A big part of the solution is to create an environment that is as meaningful as a promotion. I’ve long believed that the environment I serve in is more important than my actual position. Don’t misunderstand, being in the right seat is essential, but personally, I don’t want the right seat on the wrong bus.
3) Technology has upped the ante.
The advancement of technology is here to stay, and that’s a good thing. But it’s often a love-hate relationship. I love my iPhone. It’s a fantastic tool. But I hate that my battery can’t keep up with all the cool stuff it can do. And the answer seems to be “close your apps.”
Connectivity and accessibility have become the new leveler to the playing field. Websites, social media, and online services, etc., have all become part of the church world. If you ignore it, you reduce the impact of your ministry.
From IT support to live streaming services, the digital world has forever become fully integrated into the church. There is so much good and so much that advances the Kingdom.
One of my favorite advancements that technology added to the communication of the gospel is the YouVersion Bible developed by Life.Church, what an incredible gift to us all.
However, the potential impact to your budget is endless. We’ve all watched, (no pun intended,) the progression of standard definition projection, to HD projection and now the new thing is LED walls that are in HD.
Technology requires a delicate balance of Kingdom advancement and knowing if it’s a tool or toy — what is needed and how that fits in your budget.
This is a massively complex subject, and I highly recommend getting expert advice to help you make good decisions.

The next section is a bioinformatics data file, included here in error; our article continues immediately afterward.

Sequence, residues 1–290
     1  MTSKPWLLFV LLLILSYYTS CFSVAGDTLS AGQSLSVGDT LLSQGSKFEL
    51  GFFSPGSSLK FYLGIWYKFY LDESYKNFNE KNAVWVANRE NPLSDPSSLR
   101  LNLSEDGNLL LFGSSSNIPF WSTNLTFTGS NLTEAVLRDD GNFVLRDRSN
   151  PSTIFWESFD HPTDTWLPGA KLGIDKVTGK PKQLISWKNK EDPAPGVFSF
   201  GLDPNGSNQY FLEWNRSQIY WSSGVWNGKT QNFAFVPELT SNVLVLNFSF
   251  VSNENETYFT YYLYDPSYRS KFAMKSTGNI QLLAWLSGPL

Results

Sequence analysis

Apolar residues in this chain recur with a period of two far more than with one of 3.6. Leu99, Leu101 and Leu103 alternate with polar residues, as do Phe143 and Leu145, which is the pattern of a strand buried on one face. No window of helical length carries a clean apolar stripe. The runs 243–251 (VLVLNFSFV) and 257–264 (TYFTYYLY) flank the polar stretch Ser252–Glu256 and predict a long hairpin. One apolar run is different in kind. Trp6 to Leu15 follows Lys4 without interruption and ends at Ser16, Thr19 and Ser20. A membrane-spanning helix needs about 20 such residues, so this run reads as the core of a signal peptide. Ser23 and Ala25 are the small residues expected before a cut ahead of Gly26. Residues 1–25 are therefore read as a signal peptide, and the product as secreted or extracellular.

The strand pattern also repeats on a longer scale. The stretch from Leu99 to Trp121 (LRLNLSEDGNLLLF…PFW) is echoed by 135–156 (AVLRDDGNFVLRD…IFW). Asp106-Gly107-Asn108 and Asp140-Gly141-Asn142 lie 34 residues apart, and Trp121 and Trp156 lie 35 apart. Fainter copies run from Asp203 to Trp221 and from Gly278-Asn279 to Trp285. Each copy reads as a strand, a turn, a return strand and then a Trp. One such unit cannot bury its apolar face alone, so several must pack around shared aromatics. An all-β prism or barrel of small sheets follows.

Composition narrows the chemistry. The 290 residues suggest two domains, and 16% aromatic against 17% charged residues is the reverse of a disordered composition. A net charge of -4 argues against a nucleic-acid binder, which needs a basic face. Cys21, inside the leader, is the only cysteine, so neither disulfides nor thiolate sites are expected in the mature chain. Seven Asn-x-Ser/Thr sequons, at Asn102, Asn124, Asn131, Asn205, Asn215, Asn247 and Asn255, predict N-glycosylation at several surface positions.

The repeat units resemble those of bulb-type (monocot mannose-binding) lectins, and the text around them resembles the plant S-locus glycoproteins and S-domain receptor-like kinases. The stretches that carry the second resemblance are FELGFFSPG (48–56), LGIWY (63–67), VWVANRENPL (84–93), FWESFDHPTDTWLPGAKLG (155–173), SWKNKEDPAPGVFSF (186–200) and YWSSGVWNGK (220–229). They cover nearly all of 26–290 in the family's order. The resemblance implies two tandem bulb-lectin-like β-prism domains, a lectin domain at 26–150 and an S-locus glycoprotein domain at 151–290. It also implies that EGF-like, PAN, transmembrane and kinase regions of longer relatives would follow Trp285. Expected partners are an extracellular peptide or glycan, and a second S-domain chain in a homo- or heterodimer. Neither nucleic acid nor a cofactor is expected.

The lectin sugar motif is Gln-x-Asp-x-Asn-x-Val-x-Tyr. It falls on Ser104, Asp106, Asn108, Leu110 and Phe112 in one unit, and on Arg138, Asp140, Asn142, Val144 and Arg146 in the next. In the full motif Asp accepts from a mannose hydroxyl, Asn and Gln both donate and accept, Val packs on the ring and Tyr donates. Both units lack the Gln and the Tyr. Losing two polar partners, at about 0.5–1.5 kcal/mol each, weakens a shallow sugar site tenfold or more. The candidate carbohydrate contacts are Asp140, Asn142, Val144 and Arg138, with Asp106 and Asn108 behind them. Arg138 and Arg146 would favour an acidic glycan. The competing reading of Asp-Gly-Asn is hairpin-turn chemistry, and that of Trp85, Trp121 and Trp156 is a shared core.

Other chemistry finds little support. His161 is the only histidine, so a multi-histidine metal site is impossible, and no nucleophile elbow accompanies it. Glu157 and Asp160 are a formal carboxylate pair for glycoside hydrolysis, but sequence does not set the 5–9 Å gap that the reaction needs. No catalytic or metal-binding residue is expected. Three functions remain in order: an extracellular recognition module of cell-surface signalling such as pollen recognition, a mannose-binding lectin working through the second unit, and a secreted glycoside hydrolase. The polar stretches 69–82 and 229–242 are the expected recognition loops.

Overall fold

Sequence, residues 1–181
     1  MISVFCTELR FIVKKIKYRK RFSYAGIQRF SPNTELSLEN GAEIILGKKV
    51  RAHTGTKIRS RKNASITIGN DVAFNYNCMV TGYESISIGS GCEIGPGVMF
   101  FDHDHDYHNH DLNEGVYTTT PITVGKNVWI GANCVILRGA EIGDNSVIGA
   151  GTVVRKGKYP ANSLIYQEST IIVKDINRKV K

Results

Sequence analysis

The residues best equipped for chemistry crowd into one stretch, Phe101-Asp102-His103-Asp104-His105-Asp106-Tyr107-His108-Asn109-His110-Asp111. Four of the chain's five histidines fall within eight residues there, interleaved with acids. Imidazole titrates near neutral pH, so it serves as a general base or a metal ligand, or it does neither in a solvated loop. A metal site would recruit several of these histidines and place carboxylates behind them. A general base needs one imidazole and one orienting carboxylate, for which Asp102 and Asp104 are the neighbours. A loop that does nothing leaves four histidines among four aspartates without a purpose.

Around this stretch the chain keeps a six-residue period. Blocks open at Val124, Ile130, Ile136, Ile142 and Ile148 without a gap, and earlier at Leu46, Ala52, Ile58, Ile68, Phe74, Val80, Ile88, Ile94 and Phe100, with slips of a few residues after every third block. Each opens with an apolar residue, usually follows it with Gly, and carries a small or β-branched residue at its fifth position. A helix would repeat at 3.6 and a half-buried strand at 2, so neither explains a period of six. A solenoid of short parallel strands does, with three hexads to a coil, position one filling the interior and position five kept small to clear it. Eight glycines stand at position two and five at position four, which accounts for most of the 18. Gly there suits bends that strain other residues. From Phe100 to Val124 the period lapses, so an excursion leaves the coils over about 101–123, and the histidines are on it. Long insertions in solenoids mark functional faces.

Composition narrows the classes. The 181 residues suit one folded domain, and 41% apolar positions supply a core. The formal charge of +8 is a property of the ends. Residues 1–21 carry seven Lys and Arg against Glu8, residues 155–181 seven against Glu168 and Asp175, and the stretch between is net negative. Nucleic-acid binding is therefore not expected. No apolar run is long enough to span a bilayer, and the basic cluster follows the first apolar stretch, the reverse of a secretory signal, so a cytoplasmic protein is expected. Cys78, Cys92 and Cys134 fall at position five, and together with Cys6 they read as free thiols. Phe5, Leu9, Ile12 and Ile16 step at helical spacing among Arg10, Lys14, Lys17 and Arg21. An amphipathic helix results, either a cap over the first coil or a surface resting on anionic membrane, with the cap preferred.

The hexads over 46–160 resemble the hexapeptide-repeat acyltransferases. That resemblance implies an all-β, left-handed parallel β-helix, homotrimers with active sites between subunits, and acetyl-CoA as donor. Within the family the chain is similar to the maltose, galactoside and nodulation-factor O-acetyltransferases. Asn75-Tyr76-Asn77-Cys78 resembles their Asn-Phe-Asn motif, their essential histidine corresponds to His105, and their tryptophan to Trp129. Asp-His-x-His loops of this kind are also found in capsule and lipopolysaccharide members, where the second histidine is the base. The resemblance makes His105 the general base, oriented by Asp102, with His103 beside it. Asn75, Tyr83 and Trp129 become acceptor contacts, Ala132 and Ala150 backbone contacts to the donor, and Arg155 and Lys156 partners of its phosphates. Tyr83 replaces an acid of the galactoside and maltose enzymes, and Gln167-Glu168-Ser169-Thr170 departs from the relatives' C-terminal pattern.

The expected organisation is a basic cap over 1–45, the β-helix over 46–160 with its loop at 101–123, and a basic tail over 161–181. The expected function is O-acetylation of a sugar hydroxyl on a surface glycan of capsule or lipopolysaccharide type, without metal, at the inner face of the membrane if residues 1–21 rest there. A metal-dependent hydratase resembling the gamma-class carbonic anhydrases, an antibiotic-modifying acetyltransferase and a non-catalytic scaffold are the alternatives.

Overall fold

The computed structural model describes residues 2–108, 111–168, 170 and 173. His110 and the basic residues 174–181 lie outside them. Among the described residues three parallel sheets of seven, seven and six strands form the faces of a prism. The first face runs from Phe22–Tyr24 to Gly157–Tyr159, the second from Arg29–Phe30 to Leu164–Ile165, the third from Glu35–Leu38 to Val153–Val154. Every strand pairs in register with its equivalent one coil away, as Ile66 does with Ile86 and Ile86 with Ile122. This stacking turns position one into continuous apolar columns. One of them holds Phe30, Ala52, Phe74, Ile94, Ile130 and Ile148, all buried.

4) The worship service is once again up for grabs.
There is no right or wrong style of worship service, but the trends seem to be changing.
The long-standing “seeker service” often characterized by a “dark room with loud music and people are sitting in the back checking your church out,” is no longer the primary or only choice. It still works great in many churches, but this is a good time to evaluate what style you believe God wants for your church.
It’s scary to make a change, but the good news is that you can approach this complex topic without panic and in much prayer. It’s not about what the large church near you is doing. That’s the encouraging thing. Not everyone wants to go to that church. You have something unique and special to offer!
The most important thing is to do what you do with excellence. That includes if you want something more quiet, informal, and less showy, etc. Simple isn’t an invitation for sloppy. That won’t work.
There is new freedom coming in the style and approach of worship services.
5) Attendance patterns have changed.
Massive amounts of energy are now being invested into engagement over attendance, focusing on many of the digital elements of ministry.
It was less than twenty years ago that the new idea of online church and online campuses was revolutionary. Now the issue isn’t if you offer it, it’s how effectively you integrate it into your overall ministry strategy.
Questions like, does online church help your attendance or hurt your attendance have become a top agenda. Other church leaders spend their time discussing how to integrate engagement and attendance. Still, others take it farther and ask if physical attendance is as important as we once believed.
The answers to those questions are quite divided. Not divided, as in right and wrong, but very different in thought and approach. Some believe we are re-training the American public that church attendance isn’t that important, while others remain passionate that church attendance is vital. Still, others would say that “we” aren’t retraining anyone, it’s just a reality of a culture that requires a relevant response.
Whether you believe that the new attendance pattern is 1.7 times a month, or online helps or hurts, here’s one thing we know for sure. Attendance patterns are changing, and as a church leader you need to know what you think and set your new strategy accordingly.